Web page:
[This scene runs from 43:22-45:16. For those with DVDs, it
begins 30 seconds into ch. 14.]
Act III, Scene 1. Before the walls of Harfleur.
Henry V: Once more unto the breach, dear friends,
Or close the wall up with our English dead!
In peace there’s nothing so becomes a man
As modest stillness and humility;
But when the blast of war blows in our ears,
Then imitate the action of the tiger.
Stiffen the sinews, summon up the blood,
Disguise fair nature with hard-favoured rage:
Then lend the eye a terrible aspect;
Let it pry through the portage of the head
Like the brass cannon; let the brow o’erwhelm it
As fearfully as doth a galled rock
O’erhang and jutty his confounded base,
Swilled with the wild and wasteful ocean.
Now set the teeth and stretch the nostril wide,
Hold hard the breath and bend up every spirit
To his full height! On, on, you noble English!
Dishonour not your mothers; now attest
That those whom you called fathers did beget you!...
And you, good yeomen,
Whose limbs were made in England, show us here
The mettle of your pasture. Let us swear
That you are worth your breeding; which I doubt not;
For there is none of you so mean and base
That hath not noble lustre in your eyes.
I see you stand like greyhounds in the slips,
Straining upon the start. The game’s afoot:
Follow your spirit; and upon this charge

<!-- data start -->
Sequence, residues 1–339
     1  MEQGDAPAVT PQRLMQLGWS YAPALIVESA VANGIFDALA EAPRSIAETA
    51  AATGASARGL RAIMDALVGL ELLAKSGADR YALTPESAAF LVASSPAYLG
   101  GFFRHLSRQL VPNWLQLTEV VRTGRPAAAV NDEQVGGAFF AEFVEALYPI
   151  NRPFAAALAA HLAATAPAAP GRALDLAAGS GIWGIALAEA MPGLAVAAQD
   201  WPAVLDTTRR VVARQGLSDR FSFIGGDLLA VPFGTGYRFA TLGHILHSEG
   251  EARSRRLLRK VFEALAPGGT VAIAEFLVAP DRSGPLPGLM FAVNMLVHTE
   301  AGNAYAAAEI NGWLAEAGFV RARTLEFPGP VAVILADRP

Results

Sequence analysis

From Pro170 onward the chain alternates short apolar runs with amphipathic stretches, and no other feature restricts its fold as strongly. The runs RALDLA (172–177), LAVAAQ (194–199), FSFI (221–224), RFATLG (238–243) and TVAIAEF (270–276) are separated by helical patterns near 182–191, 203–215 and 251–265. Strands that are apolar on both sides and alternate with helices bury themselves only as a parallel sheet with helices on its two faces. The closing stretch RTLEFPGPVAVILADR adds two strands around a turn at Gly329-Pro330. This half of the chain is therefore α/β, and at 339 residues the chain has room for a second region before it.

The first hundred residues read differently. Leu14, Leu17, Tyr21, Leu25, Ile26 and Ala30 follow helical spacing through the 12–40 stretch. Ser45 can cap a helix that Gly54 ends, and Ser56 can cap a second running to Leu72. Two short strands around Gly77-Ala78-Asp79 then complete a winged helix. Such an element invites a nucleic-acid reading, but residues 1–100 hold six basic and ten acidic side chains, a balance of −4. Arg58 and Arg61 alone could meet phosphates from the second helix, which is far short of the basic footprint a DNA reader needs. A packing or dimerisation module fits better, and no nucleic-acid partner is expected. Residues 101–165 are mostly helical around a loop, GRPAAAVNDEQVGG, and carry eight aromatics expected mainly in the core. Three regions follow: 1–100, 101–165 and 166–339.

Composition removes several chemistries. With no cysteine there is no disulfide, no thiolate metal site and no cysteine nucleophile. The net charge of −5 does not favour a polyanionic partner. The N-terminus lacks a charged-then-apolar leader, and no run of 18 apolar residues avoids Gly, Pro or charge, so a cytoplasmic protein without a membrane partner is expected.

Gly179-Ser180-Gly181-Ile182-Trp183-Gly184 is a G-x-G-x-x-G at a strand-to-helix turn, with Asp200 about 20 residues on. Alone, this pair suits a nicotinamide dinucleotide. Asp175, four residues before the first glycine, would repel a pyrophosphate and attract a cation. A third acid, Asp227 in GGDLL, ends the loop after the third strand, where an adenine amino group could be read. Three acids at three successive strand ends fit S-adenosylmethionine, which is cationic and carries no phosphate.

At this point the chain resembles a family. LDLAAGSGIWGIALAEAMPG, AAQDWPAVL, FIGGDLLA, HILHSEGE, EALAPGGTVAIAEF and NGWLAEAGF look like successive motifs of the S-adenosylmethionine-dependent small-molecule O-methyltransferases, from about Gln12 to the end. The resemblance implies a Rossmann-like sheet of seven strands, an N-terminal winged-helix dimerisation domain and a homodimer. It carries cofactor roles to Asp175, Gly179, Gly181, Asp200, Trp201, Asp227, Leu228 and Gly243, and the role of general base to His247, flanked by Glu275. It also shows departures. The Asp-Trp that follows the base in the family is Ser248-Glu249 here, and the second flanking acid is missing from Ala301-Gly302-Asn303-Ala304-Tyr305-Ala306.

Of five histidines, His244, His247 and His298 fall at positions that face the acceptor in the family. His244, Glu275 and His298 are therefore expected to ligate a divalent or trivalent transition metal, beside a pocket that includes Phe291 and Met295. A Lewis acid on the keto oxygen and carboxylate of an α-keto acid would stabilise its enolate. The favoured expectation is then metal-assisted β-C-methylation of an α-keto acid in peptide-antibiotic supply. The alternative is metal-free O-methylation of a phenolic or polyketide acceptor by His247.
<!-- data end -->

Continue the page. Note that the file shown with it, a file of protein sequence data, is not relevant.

Cry, “God for Harry, England, and Saint George!”
[The men shout this battle cry and follow Henry back to the
Scene 4: Taking Harfleur
[This scene runs from 48:01-50:49. For those with DVDs, it
begins with ch. 16.]
Act III, Scene 3. [Troops have been repulsed again; Henry rides
alone back toward the breach where all is quiet; he unleashes an
ultimatum to the Governor who appears on ramparts above.]
Henry V: How yet resolves the governor of the town?
This is the latest parle we will admit;
Therefore to our best mercy give yourselves;
Or like to men proud of destruction
Defy us to our worst: for, as I am a soldier, ...
If I begin the battery once again,
I will not leave the half-achieved Harfleur
Till in her ashes she lies buried....
Therefore, you men of Harfleur
Take pity of your town and of your people,
Whiles yet the cool and temperate wind of grace
O’erblows the filthy and contagious clouds
Of heady murder, spoil, and villainy.
If not, why in moment look to see
The blind and bloody soldier with foul hand
Defile the locks of your shrill-shrieking daughters;
Your fathers taken by the silver beards,
And their most reverend heads dashed to the walls;
Your naked infants spitted upon pikes,
Whiles the mad mothers with their howls confused
Do break the clouds....What say you?
Will you yield, and this avoid?
Or, guilty in defence, be thus destroyed?
Governor: ...The Dauphin, of whose succours we
Returns us that his powers are not yet ready
To raise so great a siege. Therefore, dread king,
Enter our gates; dispose of us and ours;
For we no longer are defensible.
[Henry rides back to his men. He dismounts, exhausted, and
speaks to Exeter.]
Henry V: ...Go you and enter Harfleur; there remain
And fortify it strongly ‘gainst the French.
Use mercy to them all.
For us, dear uncle,
The winter coming on and sickness growing
Upon our soldiers, we will retire to Calais.